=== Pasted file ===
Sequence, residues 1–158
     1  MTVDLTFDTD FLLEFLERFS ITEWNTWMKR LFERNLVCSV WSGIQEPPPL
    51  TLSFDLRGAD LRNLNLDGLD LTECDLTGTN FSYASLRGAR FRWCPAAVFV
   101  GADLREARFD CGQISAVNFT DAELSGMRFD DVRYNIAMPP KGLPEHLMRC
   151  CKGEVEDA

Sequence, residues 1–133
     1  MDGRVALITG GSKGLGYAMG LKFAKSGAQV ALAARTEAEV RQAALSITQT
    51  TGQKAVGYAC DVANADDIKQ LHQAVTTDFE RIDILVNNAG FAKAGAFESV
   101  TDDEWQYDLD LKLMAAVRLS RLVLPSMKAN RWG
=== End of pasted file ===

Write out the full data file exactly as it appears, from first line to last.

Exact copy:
Sequence, residues 1–158
     1  MTVDLTFDTD FLLEFLERFS ITEWNTWMKR LFERNLVCSV WSGIQEPPPL
    51  TLSFDLRGAD LRNLNLDGLD LTECDLTGTN FSYASLRGAR FRWCPAAVFV
   101  GADLREARFD CGQISAVNFT DAELSGMRFD DVRYNIAMPP KGLPEHLMRC
   151  CKGEVEDA

Sequence, residues 1–133
     1  MDGRVALITG GSKGLGYAMG LKFAKSGAQV ALAARTEAEV RQAALSITQT
    51  TGQKAVGYAC DVANADDIKQ LHQAVTTDFE RIDILVNNAG FAKAGAFESV
   101  TDDEWQYDLD LKLMAAVRLS RLVLPSMKAN RWG